Desi Culture Club Hosts Desi Night Celebration

Photos by Kate Dempsey

By Emmad Kashmiri


   On Friday, May 10, Brooklyn College’s Desi Culture Club (DCC) hosted its annual Desi Night. The event aimed to celebrate South Asian culture and bring forth a sense of community, an inclusive event that saw a turnout of students from many different backgrounds.

   “Desi” is a broad term that highlights the traditions of South Asian countries like Pakistan, India, Bangladesh, and Nepal, among many others. Alana Abraham, co-president of the Desi Culture Club, explained that although the diaspora is large, it is made up of individual cultures. 

   “Desi Culture is a loose term to describe the culture of the people of South Asia,” said Abraham. “Anyone willing to try our amazing food, dress in vibrant sarees and lehengas, and just have a good time is welcome to be part of our community.” 

   The audience was treated to a mix of traditional Desi performances, which included Bollywood dance routines and classical vocal performances, and each song showcased a different side of Desi culture. 

   “We had songs playing in Hindi, Punjabi, and Tamil, among other languages,” said Rishab Gera, co-president of DCC. “Desi night is a celebration of our diverse culture, bringing everyone together for a fun night.”

   Joan Joseph, social media manager of DCC, highlighted that the goal of the event was to make sure it was inclusive for all BC students. “All the events we do aim to promote South Asian culture at Brooklyn College. Our events are open to all students, regardless of race or religious beliefs. We embrace the Desi community’s value of inclusivity and love for all,” she said.

   DCC prides itself on creating a safe space for South Asian students to celebrate their heritage. For many, this sense of belonging is crucial, especially when they are far from their native countries. 

   “Desi Culture Club is crucial for students like me who leave home for college to celebrate their tradition and be proud of their heritage in a new and unfamiliar environment,” Joseph said. “It creates a safe space that many South Asian students in America don’t have outside their homes.”

   Performers like Disha Prangon, who has participated in Desi Night for three years now, spoke about the importance of performing traditional dance for the whole community.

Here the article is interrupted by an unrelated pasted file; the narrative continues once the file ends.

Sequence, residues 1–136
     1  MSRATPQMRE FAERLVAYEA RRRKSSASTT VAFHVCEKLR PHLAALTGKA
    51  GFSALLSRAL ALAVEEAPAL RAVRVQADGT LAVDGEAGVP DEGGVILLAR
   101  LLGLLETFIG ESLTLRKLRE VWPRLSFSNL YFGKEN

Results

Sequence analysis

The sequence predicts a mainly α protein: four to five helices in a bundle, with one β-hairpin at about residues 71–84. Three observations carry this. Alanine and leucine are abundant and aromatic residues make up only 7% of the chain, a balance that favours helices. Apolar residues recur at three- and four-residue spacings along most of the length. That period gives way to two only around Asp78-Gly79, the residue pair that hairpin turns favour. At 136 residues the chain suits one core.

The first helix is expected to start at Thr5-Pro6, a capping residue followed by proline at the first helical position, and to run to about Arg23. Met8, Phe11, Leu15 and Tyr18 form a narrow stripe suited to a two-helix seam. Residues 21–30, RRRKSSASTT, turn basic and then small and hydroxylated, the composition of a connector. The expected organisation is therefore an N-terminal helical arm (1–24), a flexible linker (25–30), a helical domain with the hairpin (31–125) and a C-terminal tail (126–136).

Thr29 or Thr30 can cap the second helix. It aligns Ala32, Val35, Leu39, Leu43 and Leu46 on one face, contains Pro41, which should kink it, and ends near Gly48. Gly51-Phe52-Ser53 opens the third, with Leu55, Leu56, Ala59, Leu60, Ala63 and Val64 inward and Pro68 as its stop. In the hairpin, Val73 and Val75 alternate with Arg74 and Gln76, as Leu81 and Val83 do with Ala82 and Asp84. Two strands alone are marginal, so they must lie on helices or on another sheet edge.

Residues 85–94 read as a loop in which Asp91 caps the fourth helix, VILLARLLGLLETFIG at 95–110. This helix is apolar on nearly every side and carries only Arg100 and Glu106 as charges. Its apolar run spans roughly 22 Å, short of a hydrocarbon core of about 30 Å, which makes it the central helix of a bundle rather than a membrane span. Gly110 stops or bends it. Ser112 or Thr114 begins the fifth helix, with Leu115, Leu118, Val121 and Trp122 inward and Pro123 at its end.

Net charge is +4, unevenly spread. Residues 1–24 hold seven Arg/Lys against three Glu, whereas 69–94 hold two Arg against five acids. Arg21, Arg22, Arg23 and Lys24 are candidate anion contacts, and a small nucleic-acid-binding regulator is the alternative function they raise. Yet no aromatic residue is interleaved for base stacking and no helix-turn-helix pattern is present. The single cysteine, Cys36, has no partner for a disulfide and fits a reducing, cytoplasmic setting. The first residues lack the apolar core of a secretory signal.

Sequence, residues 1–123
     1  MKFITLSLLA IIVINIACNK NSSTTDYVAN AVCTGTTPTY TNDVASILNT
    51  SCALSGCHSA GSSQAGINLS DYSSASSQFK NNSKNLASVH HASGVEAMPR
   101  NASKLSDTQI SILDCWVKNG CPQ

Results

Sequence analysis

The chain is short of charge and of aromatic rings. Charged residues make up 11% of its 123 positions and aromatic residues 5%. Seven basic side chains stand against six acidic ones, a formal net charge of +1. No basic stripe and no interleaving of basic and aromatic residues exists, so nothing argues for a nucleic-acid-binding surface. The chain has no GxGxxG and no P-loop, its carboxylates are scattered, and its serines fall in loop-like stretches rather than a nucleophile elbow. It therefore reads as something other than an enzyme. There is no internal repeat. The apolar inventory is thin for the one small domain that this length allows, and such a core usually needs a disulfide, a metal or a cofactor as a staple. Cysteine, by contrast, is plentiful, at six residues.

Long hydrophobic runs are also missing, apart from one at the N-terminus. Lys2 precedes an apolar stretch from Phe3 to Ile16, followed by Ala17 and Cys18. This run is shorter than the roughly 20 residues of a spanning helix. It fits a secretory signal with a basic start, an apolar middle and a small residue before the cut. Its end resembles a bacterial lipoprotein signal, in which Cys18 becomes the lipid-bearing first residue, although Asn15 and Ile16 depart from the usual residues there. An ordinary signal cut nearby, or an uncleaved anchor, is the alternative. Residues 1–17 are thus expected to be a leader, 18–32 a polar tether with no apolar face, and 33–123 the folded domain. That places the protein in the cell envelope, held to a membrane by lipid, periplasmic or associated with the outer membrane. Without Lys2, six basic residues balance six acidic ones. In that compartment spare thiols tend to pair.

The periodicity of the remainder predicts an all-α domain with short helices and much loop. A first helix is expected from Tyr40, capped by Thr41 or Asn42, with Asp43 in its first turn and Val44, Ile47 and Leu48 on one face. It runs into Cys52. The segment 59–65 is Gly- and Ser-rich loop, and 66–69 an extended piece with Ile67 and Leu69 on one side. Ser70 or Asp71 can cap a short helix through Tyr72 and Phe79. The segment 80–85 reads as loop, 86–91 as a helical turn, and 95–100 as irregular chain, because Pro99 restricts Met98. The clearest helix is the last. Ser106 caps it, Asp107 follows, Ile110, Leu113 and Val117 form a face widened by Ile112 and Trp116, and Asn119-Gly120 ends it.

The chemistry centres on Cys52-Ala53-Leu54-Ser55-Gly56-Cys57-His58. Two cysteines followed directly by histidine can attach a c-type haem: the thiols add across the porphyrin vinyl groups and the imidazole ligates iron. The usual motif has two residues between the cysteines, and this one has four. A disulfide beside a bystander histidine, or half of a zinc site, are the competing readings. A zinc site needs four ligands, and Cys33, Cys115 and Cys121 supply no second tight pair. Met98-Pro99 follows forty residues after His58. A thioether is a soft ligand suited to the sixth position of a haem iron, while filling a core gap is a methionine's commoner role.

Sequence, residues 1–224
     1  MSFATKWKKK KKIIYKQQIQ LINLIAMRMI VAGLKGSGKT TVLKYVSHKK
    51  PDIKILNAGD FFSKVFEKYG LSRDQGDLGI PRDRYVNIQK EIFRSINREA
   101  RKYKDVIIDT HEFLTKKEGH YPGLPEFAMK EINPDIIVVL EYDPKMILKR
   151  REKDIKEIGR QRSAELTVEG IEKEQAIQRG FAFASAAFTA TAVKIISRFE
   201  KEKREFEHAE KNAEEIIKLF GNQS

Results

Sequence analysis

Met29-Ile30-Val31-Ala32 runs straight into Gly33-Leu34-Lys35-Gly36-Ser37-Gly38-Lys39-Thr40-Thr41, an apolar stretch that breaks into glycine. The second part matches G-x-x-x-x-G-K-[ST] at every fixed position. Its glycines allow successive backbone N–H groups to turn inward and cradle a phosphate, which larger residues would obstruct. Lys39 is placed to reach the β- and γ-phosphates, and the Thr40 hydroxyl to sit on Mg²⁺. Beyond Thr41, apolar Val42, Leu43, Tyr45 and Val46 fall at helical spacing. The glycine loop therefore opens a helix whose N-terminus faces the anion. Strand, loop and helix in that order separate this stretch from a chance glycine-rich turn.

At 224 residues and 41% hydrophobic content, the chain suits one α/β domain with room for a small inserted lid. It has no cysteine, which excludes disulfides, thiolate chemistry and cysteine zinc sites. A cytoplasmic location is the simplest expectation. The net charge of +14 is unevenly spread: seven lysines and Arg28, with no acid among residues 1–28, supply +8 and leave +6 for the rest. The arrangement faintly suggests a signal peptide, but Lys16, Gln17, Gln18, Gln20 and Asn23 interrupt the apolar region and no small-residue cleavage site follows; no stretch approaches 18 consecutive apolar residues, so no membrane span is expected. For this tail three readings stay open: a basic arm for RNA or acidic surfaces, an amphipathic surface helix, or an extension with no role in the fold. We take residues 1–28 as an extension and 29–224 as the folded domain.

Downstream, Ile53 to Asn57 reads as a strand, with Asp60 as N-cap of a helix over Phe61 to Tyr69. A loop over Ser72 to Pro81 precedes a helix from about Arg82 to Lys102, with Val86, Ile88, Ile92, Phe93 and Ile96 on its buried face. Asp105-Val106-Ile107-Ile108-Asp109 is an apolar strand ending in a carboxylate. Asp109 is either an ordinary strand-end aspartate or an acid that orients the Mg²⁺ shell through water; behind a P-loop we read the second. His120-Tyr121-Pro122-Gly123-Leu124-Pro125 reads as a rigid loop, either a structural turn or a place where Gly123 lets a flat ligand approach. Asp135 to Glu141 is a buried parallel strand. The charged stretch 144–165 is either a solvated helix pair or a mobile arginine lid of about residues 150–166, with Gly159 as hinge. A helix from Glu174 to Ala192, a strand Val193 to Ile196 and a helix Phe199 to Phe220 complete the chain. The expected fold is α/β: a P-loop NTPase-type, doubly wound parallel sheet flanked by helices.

“Performing at the Desi Event allows me to express myself creatively and connect with my community in a meaningful way,” she said. “It’s incredibly fulfilling to be part of a tradition that celebrates our heritage and brings people together.”

   Additionally, Desi Night was a means for students to enjoy the festivities as they head into finals season. “It’s a chance to relax, enjoy yourself with friends, and get reenergized before finals week becomes very intense,” said Prangon.

   In addition to the main performances, the event featured a variety of traditional South Asian foods. Attendees could try butter chicken, gol gappe, samosas, naan. “Food is a big part of our culture, and sharing it with others is a way to bring people together,” said Gera.

   The night also included an open dance floor, where students could dance to popular Desi music like “Chammak Challo,” “O Saki Saki,” and “Amplifier.” This segment of the event had everyone pumped up, as students of all backgrounds joined in dancing and celebrating together.

   “Desi Night was about broadening the sense of community for South Asian individuals at Brooklyn College,” said Gera. “It gave people a night to connect with each other and celebrate their heritage.”

   Brooklyn College became a vibrant hub of South Asian culture, leaving attendees with unforgettable memories, new friends, and a deeper appreciation for the traditions of the Desi community. Even though the Desi community still faces hardships across the globe, the community continues to be there for one another.

   “The Desi community is pretty resilient. We’ve gone through a lot and still have brothers and sisters across the globe going through so much today,” said Abraham. “But we’ve remained resilient and a tight-knit community.”